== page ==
Synopses & Reviews
Like a latter-day Gregor Samsa, Professor David Kepesh wakes up one morning to find that he has been transformed. But where Kafka's protagonist turned into a giant beetle, the narrator of Philip Roth's richly conceived fantasy has become a 155-pound female breast. What follows is a deliriously funny yet touching exploration of the full implications of Kepesh's metamorphosis—a daring, heretical book that brings us face to face with the intrinsic strangeness of sex and subjectivity.
Professor David Kepesh wakes up one morning to find that he has been transformed into a 155-pound female breast. What follows, in bizarre yet hysterical Kafkaesque fashion, is a touching exploration of the full implications of Kepesh's metamorphosis--a daring, heretical book that brings us face to face with the intrinsic strangeness of sex and subjectivity.
About the Author
In the 1990s Philip Roth won Americas four major literary
awards in succession: the National Book Critics Circle
Award for Patrimony (1991), the PEN/Faulkner Award for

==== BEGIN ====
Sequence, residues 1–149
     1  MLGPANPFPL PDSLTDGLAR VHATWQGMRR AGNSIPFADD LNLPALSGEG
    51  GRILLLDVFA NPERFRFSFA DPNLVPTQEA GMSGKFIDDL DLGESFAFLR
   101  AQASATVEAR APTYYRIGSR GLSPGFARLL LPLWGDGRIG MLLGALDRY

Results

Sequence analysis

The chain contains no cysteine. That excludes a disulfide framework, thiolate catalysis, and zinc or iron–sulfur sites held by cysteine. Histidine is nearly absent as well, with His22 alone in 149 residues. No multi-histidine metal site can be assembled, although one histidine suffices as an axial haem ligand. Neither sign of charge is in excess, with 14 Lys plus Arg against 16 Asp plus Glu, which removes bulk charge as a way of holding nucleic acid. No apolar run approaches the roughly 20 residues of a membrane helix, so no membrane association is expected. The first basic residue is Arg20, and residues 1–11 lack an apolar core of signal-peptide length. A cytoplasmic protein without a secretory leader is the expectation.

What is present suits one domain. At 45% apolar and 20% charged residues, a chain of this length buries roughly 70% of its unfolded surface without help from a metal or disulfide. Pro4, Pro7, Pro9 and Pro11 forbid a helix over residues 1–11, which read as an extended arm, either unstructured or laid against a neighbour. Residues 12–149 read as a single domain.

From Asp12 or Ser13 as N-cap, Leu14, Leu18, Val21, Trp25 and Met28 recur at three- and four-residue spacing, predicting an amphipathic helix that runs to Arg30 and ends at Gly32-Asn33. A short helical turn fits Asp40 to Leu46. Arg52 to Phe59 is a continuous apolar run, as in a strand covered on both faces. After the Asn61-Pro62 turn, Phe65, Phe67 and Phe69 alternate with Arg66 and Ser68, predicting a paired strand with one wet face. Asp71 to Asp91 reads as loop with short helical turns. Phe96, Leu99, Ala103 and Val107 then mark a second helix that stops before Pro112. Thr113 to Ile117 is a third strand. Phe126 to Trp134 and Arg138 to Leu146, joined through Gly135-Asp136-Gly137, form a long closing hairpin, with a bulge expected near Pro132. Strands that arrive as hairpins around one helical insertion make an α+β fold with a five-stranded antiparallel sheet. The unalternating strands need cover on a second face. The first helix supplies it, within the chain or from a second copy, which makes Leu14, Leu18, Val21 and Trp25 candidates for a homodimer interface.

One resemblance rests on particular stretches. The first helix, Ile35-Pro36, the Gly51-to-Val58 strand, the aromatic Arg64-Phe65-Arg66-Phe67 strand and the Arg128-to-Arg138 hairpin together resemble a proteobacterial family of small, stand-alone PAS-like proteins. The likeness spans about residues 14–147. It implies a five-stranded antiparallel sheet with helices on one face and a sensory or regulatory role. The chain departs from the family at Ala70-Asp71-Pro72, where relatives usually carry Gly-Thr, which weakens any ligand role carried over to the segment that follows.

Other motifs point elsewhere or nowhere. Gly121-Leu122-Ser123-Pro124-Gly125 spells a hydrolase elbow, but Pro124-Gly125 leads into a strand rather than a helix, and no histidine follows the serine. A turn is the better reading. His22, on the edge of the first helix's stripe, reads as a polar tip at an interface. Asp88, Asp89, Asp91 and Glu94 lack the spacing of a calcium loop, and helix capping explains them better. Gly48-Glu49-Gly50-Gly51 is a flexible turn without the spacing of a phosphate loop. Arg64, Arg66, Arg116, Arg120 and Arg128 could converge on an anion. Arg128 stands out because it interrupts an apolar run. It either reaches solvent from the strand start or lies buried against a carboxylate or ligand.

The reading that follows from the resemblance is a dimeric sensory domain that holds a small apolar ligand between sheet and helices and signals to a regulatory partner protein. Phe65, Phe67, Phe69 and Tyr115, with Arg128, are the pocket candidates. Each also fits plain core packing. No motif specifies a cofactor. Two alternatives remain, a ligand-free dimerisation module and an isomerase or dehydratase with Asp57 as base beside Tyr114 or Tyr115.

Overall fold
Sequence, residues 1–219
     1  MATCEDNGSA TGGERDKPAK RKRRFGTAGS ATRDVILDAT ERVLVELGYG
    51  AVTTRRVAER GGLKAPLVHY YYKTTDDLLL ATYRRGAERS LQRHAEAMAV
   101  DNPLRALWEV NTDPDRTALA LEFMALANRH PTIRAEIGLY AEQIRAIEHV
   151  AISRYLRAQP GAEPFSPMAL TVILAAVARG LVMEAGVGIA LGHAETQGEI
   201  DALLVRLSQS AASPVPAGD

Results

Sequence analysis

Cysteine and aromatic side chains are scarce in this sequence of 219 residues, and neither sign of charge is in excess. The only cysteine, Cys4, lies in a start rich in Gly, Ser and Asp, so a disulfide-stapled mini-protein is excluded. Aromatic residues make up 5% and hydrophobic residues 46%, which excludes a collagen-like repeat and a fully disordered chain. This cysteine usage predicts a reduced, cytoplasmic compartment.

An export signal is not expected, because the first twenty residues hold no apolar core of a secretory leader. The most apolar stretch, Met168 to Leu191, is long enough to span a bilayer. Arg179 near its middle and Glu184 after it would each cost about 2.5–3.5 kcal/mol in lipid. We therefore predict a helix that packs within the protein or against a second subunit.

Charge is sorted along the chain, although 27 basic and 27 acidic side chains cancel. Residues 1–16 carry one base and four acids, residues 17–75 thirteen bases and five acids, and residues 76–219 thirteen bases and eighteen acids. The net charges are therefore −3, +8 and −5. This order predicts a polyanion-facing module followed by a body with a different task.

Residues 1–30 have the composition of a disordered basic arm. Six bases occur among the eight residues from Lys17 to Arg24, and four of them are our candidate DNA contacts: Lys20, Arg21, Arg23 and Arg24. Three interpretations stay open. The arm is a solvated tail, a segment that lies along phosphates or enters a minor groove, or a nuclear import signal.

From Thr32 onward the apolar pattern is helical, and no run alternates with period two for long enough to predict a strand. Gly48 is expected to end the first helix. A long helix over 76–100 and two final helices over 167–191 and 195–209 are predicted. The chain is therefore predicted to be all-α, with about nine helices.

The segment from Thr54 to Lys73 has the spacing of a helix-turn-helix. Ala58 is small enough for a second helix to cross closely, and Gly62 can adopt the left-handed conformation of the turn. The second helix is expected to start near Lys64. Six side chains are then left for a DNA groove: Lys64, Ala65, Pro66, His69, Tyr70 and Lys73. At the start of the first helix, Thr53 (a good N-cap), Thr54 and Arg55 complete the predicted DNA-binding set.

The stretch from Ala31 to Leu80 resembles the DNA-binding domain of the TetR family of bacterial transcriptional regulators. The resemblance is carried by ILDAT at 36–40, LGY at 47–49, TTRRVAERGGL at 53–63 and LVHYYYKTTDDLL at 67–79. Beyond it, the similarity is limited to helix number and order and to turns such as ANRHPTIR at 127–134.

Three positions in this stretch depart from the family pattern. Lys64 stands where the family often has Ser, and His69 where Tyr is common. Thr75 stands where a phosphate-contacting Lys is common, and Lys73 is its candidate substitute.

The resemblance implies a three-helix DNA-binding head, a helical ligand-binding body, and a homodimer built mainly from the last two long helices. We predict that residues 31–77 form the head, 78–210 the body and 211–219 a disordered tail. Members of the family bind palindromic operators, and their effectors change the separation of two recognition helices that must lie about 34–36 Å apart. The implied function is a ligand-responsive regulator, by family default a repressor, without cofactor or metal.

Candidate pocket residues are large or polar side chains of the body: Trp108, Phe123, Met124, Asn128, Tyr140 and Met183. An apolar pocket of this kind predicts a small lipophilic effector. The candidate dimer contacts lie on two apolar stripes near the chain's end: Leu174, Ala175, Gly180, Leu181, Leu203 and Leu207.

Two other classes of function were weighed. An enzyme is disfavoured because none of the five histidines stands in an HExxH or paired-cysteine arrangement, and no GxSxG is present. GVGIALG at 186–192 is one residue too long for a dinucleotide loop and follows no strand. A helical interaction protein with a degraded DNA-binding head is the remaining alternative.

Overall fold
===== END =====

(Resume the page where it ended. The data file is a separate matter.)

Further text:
Operation Shylock (1993), the National Book Award for Sabbaths
Theater (1995), and the Pulitzer Prize in fiction for
American Pastoral (1997). He won the Ambassador Book
Award of the English-Speaking Union for I Married a Communist
(1998); in the same year he received the National
Medal of Arts at the White House. Previously he won the
National Book Critics Circle Award for The Counterlife
(1986) and the National Book Award for his first book,
Goodbye, Columbus (1959). In 2000 he published The Human
Stain, concluding a trilogy that depicts the ideological ethos
of postwar America. For The Human Stain Roth received
his second PEN/Faulkner Award as well as Britains W. H.
Smith Award for the Best Book of the Year. In 2001 he
received the highest award of the American Academy of
Arts and Letters, the Gold Medal in Fiction, given every six
years “for the entire work of the recipient.” In 2005 The
Plot Against America received the Society of American Historians
Award for “the outstanding historical novel on an
American theme for 20032004.” In 2007 Roth received the
PEN/Faulkner Award for Everyman.